Okay, maybe it's not the greatest review of all time, but it is my favorite review of any of my books. Shortly after my first book came out, noted film critic John Kenneth Muir reviewed it for issue #4 of Game Culture Journal.
Here's that review:
In 2008, it will be thirty years since the Atari VCS made the brand name Atari virtually synonymous with the term “video game.” With this cultural milestone on the horizon, it is the perfect time for author Brett Weiss to unleash this mammoth guide of home video games marketed in the heyday of the 2600.
Classic Home Video Games, 1972-1984 (2007; McFarland, $55.00) includes detailed chapters on every game console released during this epoch. That’s sixteen systems in all; from Adventure Vision and the Atari 2600 to Telstar Arcade and Vectrex. The text also includes a thorough catalog of every cartridge released for each system, including ports of popular coin-operated arcade games. The appendices offer a useful and highly detailed glossary as well as a brief look at homebrew games.
In a personal and well-written preface, Weiss introduces the reader to the subject matter while pinpointing the historical context; the birth of video games in the seventies and the early Age of Reagan. The author discusses Surgeon General C. Everett Koop’s assertion in the eighties that video games were “hazardous” to the health of children. Weiss then proceeds to explain in convincing terms why this was a bum rap.
Weiss’s argument begins with a bit of industry background (especially regarding video game pioneers Ralph Baer and Nolan Bushnell), but ultimately it is the author’s sense of personal connection to the format that points to the inherent value of the games and consoles of the era.
Just as many film writers gaze upon the maligned format of the horror film as a healthy avenue of catharsis, Weiss convincingly suggests the same is true for the video games of the Golden Age. “Video games give players control of a closed, finite universe, governed by a specific set of rules, as opposed to actual life, where we often wing it as we go along,” he writes. “There’s rational, almost sympathetic logic to video games that reality lacks…Video games are no substitute for real world pleasures…but they do provide a nice reprieve from real world woes.”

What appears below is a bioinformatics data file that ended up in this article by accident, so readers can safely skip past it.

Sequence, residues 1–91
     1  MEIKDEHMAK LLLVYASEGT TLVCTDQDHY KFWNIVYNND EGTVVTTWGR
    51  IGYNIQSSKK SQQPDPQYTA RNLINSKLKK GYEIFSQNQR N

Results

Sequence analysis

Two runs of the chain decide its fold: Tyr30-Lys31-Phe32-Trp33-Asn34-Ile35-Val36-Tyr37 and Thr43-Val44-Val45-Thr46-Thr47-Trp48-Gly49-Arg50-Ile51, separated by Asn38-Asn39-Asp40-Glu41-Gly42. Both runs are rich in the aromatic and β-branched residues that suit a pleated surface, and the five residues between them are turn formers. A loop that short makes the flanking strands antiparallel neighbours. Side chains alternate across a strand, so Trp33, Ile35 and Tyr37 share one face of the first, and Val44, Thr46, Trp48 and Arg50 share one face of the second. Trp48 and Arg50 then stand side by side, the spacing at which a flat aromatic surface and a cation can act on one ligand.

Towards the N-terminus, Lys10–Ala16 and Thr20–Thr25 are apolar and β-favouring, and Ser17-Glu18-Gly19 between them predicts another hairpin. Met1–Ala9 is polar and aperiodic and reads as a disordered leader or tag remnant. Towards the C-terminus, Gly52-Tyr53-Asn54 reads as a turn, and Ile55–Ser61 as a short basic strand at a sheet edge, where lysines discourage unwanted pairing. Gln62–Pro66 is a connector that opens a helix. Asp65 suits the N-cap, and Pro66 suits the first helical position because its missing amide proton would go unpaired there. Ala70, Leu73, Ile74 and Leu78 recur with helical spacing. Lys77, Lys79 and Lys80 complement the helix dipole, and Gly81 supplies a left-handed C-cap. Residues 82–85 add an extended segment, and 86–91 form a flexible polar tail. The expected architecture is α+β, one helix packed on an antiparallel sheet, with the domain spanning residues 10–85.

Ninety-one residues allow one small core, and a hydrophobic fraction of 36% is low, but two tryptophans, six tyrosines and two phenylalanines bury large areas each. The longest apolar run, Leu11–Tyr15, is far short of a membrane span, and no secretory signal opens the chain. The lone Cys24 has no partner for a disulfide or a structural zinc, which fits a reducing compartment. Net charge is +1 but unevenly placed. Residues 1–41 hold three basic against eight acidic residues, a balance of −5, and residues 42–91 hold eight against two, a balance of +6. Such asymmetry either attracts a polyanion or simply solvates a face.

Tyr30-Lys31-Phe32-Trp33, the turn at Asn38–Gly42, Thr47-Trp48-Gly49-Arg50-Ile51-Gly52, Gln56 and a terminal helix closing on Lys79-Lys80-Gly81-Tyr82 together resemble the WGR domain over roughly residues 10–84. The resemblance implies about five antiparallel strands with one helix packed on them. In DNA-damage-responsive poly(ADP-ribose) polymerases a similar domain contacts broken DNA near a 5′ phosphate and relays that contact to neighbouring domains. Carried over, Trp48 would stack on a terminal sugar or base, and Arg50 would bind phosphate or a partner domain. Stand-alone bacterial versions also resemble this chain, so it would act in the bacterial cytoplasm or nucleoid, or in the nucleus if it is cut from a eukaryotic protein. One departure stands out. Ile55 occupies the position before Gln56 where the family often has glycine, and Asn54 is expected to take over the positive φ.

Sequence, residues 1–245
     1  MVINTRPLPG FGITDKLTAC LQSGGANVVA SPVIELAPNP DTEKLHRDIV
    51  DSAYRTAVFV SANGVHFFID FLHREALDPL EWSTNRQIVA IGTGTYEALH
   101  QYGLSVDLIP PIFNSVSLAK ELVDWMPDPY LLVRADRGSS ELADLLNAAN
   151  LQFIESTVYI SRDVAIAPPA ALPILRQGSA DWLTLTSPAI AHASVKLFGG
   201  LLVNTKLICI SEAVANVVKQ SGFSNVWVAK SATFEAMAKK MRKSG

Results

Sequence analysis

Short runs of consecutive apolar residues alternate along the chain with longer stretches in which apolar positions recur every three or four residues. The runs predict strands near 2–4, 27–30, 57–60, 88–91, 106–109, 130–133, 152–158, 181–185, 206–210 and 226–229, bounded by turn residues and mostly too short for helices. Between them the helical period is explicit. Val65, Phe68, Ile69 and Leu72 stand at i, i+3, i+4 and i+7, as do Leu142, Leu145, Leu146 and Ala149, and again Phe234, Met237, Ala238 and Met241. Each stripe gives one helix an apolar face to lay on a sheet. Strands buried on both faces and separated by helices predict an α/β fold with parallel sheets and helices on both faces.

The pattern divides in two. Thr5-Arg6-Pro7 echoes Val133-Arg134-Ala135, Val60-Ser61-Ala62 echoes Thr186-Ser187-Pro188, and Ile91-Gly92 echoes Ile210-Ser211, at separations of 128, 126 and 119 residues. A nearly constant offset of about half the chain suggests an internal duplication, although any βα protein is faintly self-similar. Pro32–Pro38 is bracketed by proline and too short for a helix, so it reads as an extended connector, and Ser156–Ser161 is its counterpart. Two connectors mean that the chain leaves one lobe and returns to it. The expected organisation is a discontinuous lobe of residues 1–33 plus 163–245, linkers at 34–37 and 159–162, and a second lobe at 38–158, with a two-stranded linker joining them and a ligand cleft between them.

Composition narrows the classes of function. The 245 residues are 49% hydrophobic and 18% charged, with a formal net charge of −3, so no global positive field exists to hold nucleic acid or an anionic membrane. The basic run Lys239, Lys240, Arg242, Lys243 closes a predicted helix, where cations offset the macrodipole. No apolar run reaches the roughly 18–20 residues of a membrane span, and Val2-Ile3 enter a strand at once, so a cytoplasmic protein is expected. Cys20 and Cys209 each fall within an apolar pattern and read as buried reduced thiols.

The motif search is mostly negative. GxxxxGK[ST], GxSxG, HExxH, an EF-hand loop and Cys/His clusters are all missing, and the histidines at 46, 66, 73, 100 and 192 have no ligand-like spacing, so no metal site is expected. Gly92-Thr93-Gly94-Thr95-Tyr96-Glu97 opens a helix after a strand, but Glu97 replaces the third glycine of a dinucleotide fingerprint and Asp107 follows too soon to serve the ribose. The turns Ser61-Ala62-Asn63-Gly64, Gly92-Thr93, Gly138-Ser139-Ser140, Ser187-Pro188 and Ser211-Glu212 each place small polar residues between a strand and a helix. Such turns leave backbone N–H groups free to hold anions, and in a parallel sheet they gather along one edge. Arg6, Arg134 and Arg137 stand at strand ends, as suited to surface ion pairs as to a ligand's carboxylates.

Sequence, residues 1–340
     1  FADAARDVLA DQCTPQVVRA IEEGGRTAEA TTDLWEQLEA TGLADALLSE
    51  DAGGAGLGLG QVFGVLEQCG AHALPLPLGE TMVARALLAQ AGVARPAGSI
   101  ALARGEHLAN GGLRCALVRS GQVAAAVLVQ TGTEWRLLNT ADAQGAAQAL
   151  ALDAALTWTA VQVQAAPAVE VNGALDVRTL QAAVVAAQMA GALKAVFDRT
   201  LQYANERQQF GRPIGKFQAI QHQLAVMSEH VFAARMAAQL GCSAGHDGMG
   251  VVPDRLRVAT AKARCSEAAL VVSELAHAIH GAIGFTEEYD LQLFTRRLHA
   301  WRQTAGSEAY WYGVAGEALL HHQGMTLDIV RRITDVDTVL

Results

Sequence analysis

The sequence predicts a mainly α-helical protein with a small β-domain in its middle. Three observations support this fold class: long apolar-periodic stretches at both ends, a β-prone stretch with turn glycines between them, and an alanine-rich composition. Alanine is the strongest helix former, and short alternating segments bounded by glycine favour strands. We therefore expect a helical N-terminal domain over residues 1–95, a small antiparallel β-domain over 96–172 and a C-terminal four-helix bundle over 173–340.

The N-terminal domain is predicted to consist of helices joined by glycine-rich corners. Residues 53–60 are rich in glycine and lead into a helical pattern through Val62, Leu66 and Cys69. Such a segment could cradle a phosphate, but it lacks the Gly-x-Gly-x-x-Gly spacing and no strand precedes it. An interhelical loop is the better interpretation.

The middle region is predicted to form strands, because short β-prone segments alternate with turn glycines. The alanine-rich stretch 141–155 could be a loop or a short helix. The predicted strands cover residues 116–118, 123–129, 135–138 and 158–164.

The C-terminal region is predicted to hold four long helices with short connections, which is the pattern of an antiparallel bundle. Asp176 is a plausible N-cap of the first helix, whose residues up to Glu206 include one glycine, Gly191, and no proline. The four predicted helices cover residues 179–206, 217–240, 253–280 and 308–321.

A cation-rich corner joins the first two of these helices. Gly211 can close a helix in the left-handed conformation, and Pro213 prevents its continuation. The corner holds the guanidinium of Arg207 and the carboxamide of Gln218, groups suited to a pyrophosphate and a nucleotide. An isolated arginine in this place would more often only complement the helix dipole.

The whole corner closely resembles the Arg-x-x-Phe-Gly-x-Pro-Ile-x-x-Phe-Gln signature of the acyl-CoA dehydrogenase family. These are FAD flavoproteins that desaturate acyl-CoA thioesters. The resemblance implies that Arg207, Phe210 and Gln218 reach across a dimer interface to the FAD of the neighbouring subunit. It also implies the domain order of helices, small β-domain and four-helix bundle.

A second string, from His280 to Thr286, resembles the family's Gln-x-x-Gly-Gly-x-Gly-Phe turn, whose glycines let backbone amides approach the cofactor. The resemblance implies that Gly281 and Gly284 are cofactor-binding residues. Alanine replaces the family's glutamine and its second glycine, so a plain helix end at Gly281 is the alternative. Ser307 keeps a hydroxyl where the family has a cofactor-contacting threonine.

In other words, Weiss finds order (and thus comfort) in the world of classic video games such as Space Invaders, Zaxxon, and Defender. He also notes the interactivity of the video game as an improvement over television, which he sees as a more passive experience. Perhaps the video game is indeed as close as we can get to playing God. Here, as Weiss suggests, we can re-boot existence if we make a mistake. Here, we control the fates of armies and spaceships, men and Pac-Men.
The Book’s sixteen game system entries follow the same easily-digestible format. The entries commence with a detailed description of the console/joysticks and usually feature a black-and-white photograph of a system in question. Then Weiss runs down a history of brand (for example, the Astrocade): when it was released; how many game cartridges were available; success or failure in the marketplace; and the limitations and strengths of the system as a vehicle for game play.